Recovery of Damages in Cohabitation Cases

May a party recover damages from a former romantic partner with whom the party cohabited, where the party contributed significantly to the improvement of the common home? Say, for example, that two people live together but never marry. One of them happens to be in the home improvement business. As the years pass, that party performs significant home repairs and improvements, paying for materials out of his pocket. When the parties break up, may that party recover for the amount of money and work he put into the home—which is staying with the other half of the couple, who happens to be the title owner?

The Massachusetts Appeals Court recently decided a case which dealt with this issue. Bonina v. Sheppard involved a long-term cohabiting relationship, where the parties never married. 1 The plaintiff was a contractor, and he expended significant funds, resources, and labor on fixing up the home, which was owned solely by the defendant. After the relationship ended, the plaintiff brought suit against the defendant, claiming that she was unjustly enriched by his contributions to the home’s improvement. The trial court ruled that the plaintiff could recover damages in the amount of over $156,000, and the defendant appealed.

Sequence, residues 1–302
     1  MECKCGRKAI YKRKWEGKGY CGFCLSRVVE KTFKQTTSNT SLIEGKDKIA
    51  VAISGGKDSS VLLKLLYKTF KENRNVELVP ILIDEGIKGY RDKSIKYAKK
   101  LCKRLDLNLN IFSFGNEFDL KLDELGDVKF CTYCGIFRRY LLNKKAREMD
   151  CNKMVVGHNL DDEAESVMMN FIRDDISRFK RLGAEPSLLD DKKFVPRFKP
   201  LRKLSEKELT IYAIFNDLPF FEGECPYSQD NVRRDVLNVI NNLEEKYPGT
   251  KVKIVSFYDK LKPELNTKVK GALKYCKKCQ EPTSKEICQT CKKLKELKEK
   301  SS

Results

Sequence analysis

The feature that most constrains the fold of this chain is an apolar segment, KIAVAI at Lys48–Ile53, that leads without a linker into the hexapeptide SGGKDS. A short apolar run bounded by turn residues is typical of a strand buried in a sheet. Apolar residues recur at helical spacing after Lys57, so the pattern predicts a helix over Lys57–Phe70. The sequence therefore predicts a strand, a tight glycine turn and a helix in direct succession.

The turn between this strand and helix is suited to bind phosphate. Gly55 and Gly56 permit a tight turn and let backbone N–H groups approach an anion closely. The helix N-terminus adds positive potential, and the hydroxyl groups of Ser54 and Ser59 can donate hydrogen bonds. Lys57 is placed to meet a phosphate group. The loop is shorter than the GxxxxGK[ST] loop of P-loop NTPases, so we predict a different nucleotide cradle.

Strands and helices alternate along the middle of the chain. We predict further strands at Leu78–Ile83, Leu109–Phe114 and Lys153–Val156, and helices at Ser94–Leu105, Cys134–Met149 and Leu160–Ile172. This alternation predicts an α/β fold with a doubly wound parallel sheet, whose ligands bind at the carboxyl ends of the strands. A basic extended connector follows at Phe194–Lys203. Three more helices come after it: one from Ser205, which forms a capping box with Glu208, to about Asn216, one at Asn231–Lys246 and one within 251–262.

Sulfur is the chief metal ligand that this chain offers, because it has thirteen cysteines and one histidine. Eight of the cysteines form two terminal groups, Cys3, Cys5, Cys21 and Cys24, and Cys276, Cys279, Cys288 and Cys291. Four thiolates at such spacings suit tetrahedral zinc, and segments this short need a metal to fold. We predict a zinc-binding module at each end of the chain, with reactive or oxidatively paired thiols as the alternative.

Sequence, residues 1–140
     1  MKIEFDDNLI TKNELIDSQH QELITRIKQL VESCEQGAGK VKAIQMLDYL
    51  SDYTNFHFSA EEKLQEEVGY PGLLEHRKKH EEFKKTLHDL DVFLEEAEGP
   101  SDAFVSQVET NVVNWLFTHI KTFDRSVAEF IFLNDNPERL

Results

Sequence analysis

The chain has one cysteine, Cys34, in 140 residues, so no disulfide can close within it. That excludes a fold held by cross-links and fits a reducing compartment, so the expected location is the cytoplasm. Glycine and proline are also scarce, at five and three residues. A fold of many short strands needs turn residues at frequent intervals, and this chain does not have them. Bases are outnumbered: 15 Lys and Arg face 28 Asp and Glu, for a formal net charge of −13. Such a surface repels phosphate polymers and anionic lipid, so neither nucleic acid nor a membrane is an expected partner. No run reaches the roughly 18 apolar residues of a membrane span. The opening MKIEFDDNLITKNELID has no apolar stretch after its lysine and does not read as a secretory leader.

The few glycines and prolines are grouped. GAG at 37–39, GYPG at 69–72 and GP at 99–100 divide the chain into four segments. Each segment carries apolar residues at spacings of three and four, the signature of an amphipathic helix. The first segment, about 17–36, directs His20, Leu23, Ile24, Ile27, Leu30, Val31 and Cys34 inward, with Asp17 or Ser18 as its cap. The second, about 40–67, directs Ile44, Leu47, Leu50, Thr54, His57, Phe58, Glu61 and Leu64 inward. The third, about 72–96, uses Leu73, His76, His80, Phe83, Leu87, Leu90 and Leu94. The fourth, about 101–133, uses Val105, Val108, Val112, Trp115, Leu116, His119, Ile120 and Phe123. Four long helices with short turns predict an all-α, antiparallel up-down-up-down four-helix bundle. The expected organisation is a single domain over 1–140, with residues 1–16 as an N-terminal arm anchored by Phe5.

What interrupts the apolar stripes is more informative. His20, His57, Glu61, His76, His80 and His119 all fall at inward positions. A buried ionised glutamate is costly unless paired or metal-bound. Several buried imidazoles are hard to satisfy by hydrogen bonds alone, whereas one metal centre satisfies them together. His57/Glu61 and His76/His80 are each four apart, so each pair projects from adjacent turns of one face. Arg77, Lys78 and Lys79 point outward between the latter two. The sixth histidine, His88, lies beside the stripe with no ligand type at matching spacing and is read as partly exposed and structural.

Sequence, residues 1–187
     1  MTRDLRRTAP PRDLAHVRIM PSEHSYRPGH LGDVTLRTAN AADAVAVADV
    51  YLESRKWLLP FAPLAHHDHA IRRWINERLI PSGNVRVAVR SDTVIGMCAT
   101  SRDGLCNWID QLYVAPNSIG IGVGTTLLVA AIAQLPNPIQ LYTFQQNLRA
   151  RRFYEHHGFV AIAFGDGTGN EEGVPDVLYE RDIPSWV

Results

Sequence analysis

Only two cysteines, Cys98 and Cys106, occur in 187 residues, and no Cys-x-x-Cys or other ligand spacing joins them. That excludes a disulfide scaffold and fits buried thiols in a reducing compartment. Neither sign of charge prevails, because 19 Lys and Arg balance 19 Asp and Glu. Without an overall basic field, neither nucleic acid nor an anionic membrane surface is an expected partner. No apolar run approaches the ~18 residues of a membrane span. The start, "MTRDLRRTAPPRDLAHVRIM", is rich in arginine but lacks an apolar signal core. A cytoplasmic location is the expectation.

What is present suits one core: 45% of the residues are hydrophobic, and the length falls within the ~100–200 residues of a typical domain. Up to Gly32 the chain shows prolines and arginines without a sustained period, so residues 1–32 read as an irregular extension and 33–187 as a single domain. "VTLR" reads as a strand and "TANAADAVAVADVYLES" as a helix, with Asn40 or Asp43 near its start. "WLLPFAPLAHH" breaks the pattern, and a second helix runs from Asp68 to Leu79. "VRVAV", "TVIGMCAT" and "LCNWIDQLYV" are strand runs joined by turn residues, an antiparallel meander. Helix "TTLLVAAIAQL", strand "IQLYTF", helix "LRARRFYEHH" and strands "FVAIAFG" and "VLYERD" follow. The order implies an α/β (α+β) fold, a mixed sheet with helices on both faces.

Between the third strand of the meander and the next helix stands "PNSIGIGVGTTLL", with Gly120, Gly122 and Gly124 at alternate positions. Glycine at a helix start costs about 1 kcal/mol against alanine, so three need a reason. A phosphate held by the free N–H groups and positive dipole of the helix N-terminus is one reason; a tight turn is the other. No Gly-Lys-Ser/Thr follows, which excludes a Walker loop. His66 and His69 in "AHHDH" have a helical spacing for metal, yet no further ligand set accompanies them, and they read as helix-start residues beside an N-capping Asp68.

The Appeals Court explained that unjust enrichment occurs “where a party retains the property of another ‘against the fundamental principles of justice or equity and good conscience.’” 2 The Court first shot down the defendant’s assertion that she could not have been unjustly enriched, because the parties were in a romantic relationship. “The parties’ romantic relationship does not prevent the plaintiff from recovering from the defendant under an unjust enrichment theory,” the Court explained. “In Massachusetts, there is no presumption that a claimant’s contributions during a romantic relationship are gratuitous.” 3